State-by-State Report Shows Medicaid Now Covers More Than Half of U.S. Children
This week we teamed up with our colleagues at the American Academy of Pediatrics to release a report and discuss the high stakes for children when the Medicaid continuous coverage protection expires. Medicaid and CHIP now cover 54% of children in the United States. Lisa Costello, MD, MPH, FAAP, a member of the American Academy of Pediatrics Committee on State Government Affairs and immediate past president of the AAP West Virginia Chapter, joined Tricia Brooks and me to discuss the report and focus on what states can do to shield eligible children from losing Medicaid or CHIP coverage and ensure a smooth transition for children moving to CHIP.
At the end of 2022, Congress acted to delink the end of the continuous coverage Medicaid protection, which started in March 2020, and the end of the federal COVID-19 public health emergency declaration and states are now moving forward (at different paces) to check eligibility for everyone on Medicaid – a mammoth task at a time when states are short staffed. Terminations will begin in some states as soon as April 1st. States have until May 2024 to complete this process.
Why are so many children covered by Medicaid today? The Medicaid continuous coverage pandemic protection is a key factor but there are also reasons which reflect longer term trends. Children remain the poorest group in our society and Medicaid/CHIP income eligibility levels for children are significantly higher for children than adults – on average two and a half times the poverty level. Employer-sponsored coverage for dependents is often non-existent or simply too expensive for dependents.
Overall Medicaid and CHIP enrollment has increased by 28 percent between March 2020 and August 2022 (the latest data available in time to analyze for the report). For children, while total enrollment growth has been lower at 17.5%, today 54% of all children in the U.S. are covered by Medicaid or CHIP. In thirty states and DC, the majority of children are now covered in Medicaid/CHIP and in ten states (New Mexico, Louisiana, Mississippi, Florida, Alabama, West Virginia, Oklahoma, Georgia, South Carolina, and Indiana) and DC, more than 60% of children are covered by Medicaid/CHIP (see map). While we are unable to disaggregate this data source by race, this is likely an even higher percentage of Black and Latino children covered by Medicaid.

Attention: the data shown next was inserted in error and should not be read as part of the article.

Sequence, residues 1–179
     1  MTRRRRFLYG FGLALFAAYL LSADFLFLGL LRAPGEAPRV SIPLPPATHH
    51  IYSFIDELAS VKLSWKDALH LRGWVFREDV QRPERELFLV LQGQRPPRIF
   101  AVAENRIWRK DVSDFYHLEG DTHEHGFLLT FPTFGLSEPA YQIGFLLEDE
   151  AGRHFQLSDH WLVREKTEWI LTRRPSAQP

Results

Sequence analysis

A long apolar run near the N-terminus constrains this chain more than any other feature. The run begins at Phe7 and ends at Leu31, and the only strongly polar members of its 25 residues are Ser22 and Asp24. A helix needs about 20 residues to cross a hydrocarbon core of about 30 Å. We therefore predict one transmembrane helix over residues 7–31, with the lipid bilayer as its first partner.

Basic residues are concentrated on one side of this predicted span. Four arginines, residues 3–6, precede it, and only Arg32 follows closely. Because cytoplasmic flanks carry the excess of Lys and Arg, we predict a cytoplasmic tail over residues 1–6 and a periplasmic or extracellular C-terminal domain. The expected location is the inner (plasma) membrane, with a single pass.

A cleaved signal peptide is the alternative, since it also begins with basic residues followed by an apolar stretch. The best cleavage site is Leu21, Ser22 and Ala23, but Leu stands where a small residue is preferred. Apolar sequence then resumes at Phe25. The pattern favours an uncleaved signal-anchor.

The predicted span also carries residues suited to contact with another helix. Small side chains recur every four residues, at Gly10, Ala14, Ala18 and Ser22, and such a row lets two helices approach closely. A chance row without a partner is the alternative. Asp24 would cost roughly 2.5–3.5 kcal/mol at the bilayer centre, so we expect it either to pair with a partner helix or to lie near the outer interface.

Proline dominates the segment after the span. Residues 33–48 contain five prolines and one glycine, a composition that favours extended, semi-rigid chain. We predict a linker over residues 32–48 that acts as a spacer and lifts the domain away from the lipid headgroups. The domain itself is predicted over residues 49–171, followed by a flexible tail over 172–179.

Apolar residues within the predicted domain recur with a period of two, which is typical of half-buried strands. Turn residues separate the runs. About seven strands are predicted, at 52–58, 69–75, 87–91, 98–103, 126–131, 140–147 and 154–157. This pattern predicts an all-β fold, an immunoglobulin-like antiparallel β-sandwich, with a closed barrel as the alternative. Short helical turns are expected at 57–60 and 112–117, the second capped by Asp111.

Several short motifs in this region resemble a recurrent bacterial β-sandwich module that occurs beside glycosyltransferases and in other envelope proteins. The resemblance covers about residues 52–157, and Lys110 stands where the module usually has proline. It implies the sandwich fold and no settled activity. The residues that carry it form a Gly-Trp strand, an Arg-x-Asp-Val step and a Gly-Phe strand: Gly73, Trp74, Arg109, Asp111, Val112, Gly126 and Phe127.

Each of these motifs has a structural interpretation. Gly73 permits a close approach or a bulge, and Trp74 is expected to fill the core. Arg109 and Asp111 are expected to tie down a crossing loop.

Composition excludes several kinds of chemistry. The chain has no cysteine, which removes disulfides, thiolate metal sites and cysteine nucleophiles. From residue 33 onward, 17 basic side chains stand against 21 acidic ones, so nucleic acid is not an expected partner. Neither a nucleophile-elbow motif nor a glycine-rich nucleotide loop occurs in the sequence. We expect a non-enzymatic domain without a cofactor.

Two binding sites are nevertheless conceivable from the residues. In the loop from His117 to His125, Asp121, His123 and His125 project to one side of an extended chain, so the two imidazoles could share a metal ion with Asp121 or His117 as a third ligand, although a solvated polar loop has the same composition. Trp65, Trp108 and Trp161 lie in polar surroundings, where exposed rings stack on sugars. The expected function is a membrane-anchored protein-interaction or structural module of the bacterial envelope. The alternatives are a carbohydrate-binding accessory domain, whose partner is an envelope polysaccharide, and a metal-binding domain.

Approximately 38 million of these children will have their coverage checked over the next year, and millions are likely to lose it in the process – sometimes because they are no longer eligible due to a family’s income having increased or a child turning 19 – but far more likely because of administrative errors. Because children are primarily covered through Medicaid/CHIP and not the federally subsidized marketplace, governors and state policymakers really hold the cards when it comes to keeping eligible children connected with their public health coverage. Federal researchers have estimated that 72% of children losing Medicaid will remain eligible.
Medicaid has become the backbone of our health system for children today and its spine was stiffened by the pandemic continuous coverage protection, which prevented the churn that we normally see – especially in states that went into the pandemic with higher child uninsured rates.
For states that have not expanded Medicaid, the majority of pandemic Medicaid enrollment growth is attributable to children – with Georgia leading the way (69% of Georgia’s Medicaid enrollment growth = children). In these states, because they cover far fewer adults, the Medicaid unwinding will impact primarily children, new mothers and very poor parents.
State leaders in all states—and especially in the 11 non-expansion states– must put the needs of children front and center in their unwinding plans. If states do not do a good job, we could easily see the number of uninsured children double.
[CCF hosted a webinar to release the report and discuss the impact of the Medicaid continuos coverage protection on children with the American Academy of Pediatrics and other stakeholders. You can view other CCF webinars on this topic here.]